OAKLAND -- The idea started out simply enough: a space for creative types to work that wasn't an office, wasn't a living room and didn't trap them in the middle of a noisy cafe. They would converge and create new models for a country trying to find its way through unemployment, recession and questions about the future.
Two years, five months and nearly $2 million in the making, the Impact Hub Oakland co-working space opened Feb. 10.
The co-working model became popular several years ago and the Hub was not the first in Oakland. But the size, the location and the nature of the $1.8 million project in an abandoned car showroom on Broadway Auto Row marks Oakland's efforts to replace the fading generation of businesses with something new.
"It is a dynamic living space right now," said Ashara Ekundayo, Hub Oakland's co-founder and chief creative officer. She and several other Hub fellow stewards had just wrapped up a weekend hackathon that tested the Hub's physical design and bandwidth.
Monday marked the official opening and clusters of workers sat with laptops -- the essential accessory for the co-working set -- at bamboo plywood tables made by a West Oakland artist. The tags still hung from the high-backed office chairs.
Upstairs, a woman in cherry-red rain boots occasionally stopped writing to mouth the words she had just typed. Two men chatted quietly on a burgundy sofa. The kitchen downstairs was stocked with the essentials of the co-worker space: kombucha on tap, fair trade coffee and rocket-fast Internet.
"We're all on our laptops," said Alli Chagi-Starr, an original member of Hub Oakland when it was still in its temporary home at 1423 Broadway. Chagi-Starr is an independent consultant and regional director of the San Francisco Green Festival. On Monday she was preparing for a business meeting, something difficult to do in a cafe or at home.
"Every time I'm here I have conversations with people I couldn't have predicted," she said. "And it happens spontaneously."
Some of the people working there Monday were taking advantage of the Hub's offer of free use during business hours until Feb. 28. After that, everyone will pay for time-based memberships: $50 for 10 hours a month and as much as $415 a month for unlimited use.
"I like how dynamic it is," said Zac Taylor of Business Alliance for Local Living Economies, or BALLE. "It definitely speaks to changes in how we work and collaborate."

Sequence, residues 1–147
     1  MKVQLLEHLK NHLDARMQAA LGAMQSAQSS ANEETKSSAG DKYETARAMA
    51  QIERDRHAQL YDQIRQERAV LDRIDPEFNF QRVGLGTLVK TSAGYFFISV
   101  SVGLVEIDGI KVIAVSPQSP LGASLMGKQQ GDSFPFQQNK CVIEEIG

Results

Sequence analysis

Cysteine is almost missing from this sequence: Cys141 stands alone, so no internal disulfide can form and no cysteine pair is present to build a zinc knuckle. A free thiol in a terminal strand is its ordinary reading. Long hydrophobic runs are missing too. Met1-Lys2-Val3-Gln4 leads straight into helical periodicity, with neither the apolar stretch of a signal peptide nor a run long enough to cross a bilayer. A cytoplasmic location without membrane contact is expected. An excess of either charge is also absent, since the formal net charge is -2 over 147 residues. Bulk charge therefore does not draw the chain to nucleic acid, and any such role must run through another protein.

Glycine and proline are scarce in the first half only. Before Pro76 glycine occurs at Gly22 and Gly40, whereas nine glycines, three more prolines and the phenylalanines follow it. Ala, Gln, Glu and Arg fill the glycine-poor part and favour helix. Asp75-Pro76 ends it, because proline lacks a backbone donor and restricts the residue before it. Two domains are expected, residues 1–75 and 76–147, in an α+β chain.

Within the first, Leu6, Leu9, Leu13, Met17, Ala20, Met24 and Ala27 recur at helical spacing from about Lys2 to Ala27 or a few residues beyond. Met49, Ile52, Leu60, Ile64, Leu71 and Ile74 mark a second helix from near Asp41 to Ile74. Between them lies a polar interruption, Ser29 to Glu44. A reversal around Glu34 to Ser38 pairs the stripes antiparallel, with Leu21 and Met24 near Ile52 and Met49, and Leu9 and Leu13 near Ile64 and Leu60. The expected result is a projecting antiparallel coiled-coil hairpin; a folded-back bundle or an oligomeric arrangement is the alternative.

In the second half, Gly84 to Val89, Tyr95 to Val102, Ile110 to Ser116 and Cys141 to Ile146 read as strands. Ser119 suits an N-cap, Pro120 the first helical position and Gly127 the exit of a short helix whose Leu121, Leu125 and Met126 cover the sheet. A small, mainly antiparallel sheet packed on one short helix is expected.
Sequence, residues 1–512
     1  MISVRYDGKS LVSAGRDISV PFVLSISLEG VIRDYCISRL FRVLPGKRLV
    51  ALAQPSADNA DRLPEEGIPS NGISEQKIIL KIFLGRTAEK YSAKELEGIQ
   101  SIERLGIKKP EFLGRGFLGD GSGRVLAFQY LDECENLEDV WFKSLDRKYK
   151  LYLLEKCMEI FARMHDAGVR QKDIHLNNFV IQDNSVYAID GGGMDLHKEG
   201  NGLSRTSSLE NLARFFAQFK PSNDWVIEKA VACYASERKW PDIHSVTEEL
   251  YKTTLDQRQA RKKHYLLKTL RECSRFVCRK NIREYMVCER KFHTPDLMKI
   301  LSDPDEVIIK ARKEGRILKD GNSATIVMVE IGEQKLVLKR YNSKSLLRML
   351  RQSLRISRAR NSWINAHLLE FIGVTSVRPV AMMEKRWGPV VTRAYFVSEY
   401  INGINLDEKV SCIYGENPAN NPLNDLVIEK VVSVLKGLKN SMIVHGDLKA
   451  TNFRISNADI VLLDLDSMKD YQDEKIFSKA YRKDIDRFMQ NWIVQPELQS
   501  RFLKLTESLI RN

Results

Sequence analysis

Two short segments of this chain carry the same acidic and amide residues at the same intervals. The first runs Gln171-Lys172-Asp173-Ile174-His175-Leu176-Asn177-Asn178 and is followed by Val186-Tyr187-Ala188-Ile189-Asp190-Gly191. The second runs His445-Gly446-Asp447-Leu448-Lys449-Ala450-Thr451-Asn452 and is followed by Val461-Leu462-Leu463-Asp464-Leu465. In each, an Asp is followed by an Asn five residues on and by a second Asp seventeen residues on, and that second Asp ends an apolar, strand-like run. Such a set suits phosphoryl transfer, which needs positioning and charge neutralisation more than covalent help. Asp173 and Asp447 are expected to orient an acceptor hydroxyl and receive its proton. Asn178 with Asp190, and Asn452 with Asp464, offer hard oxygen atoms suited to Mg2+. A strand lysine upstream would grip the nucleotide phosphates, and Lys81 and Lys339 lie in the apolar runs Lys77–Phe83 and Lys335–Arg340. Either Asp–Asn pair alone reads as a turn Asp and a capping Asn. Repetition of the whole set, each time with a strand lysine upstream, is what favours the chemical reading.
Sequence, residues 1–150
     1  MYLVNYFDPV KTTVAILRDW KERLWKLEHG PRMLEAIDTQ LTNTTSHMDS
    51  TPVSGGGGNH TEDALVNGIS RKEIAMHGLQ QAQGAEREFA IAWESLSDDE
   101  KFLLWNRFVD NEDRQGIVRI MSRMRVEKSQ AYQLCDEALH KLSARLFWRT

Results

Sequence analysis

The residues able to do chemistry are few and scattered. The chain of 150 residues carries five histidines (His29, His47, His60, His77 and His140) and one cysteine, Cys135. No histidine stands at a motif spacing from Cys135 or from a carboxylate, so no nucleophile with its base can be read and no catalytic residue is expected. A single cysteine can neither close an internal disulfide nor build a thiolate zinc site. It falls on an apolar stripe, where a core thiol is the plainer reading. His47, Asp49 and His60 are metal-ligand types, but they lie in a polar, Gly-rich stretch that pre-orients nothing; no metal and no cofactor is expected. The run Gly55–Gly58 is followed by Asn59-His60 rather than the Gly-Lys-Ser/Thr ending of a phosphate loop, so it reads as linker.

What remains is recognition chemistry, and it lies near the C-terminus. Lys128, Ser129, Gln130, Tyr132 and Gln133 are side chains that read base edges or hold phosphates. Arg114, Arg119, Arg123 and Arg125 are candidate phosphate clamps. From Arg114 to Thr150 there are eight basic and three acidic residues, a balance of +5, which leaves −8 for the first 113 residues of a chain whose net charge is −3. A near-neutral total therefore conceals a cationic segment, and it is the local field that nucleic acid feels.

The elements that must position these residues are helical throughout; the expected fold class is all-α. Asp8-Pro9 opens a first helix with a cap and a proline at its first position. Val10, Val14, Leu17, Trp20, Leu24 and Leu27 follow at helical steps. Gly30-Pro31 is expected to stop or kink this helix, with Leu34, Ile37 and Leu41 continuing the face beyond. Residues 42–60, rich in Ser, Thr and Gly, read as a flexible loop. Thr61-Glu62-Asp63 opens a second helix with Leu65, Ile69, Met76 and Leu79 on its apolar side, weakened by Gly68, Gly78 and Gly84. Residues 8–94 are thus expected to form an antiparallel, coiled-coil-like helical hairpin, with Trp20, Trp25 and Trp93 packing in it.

BALLE made the Hub its Bay Area headquarters and moved into two of the 21 glass-fronted offices -- all of them already filled by organizations with similar socially-minded missions.
"I love seeing this coming into the neighborhood," said Taylor's colleague, Susan Miller, a senior business development adviser. The two were finishing their ginger miso chicken salad from the Sweet Bar Bakery a few doors down on Broadway. She called the Hub a sign of "positive momentum." But she hesitated over one particular concern: The ability to concentrate deeply in a setting where isolation is at a premium and noise is abundant. They are two of eight employees sharing six desks. There is no place for leaving work-related documents and supplies.
The popularity of co-working boomed during the recession when businesses started looking for a way to cut costs and freelancers, temps, independent contractors and "solopreneurs" began to multiply. The Bureau of Labor expects their numbers to hit 65 million by 2020.
The Port of Oakland operates two co-working spaces near Jack London Square.
Tech Liminal, a technology salon, expanded its communal offerings by moving to a street-level office in a Webster Street building shared with Ask.com. Oakstop Oakland offers co-working space and the Hub Oakland occupied two temporary locations since January 2012 before they combined 2315 and 2323 Broadway to create their permanent 16,000-square-foot home.
Impact Hub is part of an international network that emerged nearly a decade ago in London. Rather than techies trying to bootstrap the next billion-dollar startup, the goal was to offer a communal space for untethered social innovators.
"We started with zero," said Konda Mason, Oakland Hub CEO and lifetime freelancer. That was October 2011. They had one Ikea table and four chairs and began raising money with a team of seven that included social entrepreneurs like Lisa Chacon and Numi Organic Tea co-founder Ahmed Rahim.
Some of the capital came from the city of Oakland. The largest donor was Fund Good Jobs, a philanthropic investment group aligned with Inner City Advisors, which also occupies an office upstairs. Two Oakland residents donated $10,000 each during a Kickstarter campaign. One of them sat at a desk on Monday, laptop open.